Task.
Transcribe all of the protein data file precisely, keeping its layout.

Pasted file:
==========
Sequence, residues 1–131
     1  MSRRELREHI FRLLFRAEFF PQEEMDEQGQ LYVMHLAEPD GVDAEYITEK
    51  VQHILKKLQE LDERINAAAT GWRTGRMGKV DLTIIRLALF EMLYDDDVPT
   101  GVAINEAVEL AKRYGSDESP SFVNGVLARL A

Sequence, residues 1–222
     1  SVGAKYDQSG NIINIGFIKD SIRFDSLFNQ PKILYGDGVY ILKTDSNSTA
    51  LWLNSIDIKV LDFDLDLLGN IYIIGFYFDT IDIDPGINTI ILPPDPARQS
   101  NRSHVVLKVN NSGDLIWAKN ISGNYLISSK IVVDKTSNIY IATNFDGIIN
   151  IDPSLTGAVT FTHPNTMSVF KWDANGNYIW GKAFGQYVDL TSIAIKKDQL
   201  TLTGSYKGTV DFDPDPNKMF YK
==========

Sequence, residues 1–131
     1  MSRRELREHI FRLLFRAEFF PQEEMDEQGQ LYVMHLAEPD GVDAEYITEK
    51  VQHILKKLQE LDERINAAAT GWRTGRMGKV DLTIIRLALF EMLYDDDVPT
   101  GVAINEAVEL AKRYGSDESP SFVNGVLARL A

Sequence, residues 1–222
     1  SVGAKYDQSG NIINIGFIKD SIRFDSLFNQ PKILYGDGVY ILKTDSNSTA
    51  LWLNSIDIKV LDFDLDLLGN IYIIGFYFDT IDIDPGINTI ILPPDPARQS
   101  NRSHVVLKVN NSGDLIWAKN ISGNYLISSK IVVDKTSNIY IATNFDGIIN
   151  IDPSLTGAVT FTHPNTMSVF KWDANGNYIW GKAFGQYVDL TSIAIKKDQL
   201  TLTGSYKGTV DFDPDPNKMF YK